Right now I'm using a Transcend 8GB Class 6 card and the write time from the camera to the card seems ridiculously slow - sometimes its quick but sometimes its between 5-10 seconds for a single image. That said, I am shooting Large JPEG+RAW. I haven't tested any other cards so I'm not sure if its the card I'm using or just a limitation of the camera. From other E-PL1 users, is what I'm experiencing typical or should I be looking for a faster card?
     
  18. c5karl

    c5karl Mu-43 Regular

    144
    May 31, 2011
    Fairfax, Va., USA
    There's a real world question implicit here that I haven't seen clearly answered anywhere. Right now I'm using store-brand Class 10 cards I bought at Micro Center because the price was right and I've had good experience with reliability of these cards over the years.

    When shooting RAW in burst mode on a G2, I'd love to be able to get more than 4-5 frames before shooting slows to a crawl. I haven't seen anything that clearly states whether I could do better with another memory card.

    Two areas that aren't clear to me:

    1) There's no shortage of available benchmarks. Which one matters for this use case?

    2) Once I do identify the fastest possible card, will it matter? Or is there a bottleneck upstream of the memory card that's limiting write speed on a G2?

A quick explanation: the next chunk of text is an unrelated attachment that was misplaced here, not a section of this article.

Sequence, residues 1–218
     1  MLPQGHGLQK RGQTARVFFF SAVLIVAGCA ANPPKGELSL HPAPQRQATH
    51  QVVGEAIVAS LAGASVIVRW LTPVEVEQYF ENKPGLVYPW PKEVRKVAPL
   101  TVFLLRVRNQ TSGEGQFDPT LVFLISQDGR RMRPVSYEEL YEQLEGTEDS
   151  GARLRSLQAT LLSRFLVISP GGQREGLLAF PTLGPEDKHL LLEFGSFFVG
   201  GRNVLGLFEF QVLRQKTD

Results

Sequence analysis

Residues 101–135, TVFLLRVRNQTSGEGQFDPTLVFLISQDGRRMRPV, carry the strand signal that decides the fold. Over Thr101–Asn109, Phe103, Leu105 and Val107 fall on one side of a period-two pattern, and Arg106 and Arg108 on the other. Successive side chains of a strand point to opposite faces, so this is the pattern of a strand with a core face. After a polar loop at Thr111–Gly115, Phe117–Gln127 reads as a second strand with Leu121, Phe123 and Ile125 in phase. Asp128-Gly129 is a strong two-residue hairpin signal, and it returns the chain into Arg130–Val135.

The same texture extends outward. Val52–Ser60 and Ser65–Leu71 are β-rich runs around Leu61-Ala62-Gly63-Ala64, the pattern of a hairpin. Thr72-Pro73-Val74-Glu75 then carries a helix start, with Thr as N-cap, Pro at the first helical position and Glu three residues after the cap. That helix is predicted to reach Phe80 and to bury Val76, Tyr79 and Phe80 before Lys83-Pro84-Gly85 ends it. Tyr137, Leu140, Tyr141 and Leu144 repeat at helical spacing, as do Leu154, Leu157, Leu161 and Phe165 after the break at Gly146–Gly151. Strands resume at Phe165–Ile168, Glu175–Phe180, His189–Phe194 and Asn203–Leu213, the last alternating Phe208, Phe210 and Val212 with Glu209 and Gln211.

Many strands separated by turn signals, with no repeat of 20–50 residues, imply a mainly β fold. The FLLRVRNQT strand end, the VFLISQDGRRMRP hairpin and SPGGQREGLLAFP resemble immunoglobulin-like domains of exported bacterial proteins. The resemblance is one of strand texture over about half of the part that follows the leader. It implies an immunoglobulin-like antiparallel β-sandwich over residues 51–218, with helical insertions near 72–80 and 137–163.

I've come close to saying, what the heck, I'll just get one of those snazzy Sandisk Ultras and see what happens, but it seems like there are seven or eight different kinds of Sandisk Ultras to choose from. So I just throw up my hands and stick with what I've got.

    Any real-world experience about whether better burst performance is really possible?
     
  19. fredlong

    fredlong Just this guy...

    Apr 18, 2011
    Massachusetts USA
    Fred
    If you really mean 120Mb/s, that's 15MB/s, about normal for a class 4 card.
     
  20. lenshoarder

    lenshoarder Mu-43 All-Pro

    Nov 7, 2010
    15MB/s is not normal for a class 4 card. I think you are confusing read speed with write speed. All cards, regardless of class, should get between 15-20 MB/s reads. Writes are a different thing altogether. Normally, a class 4 card does 4 MB/s writes.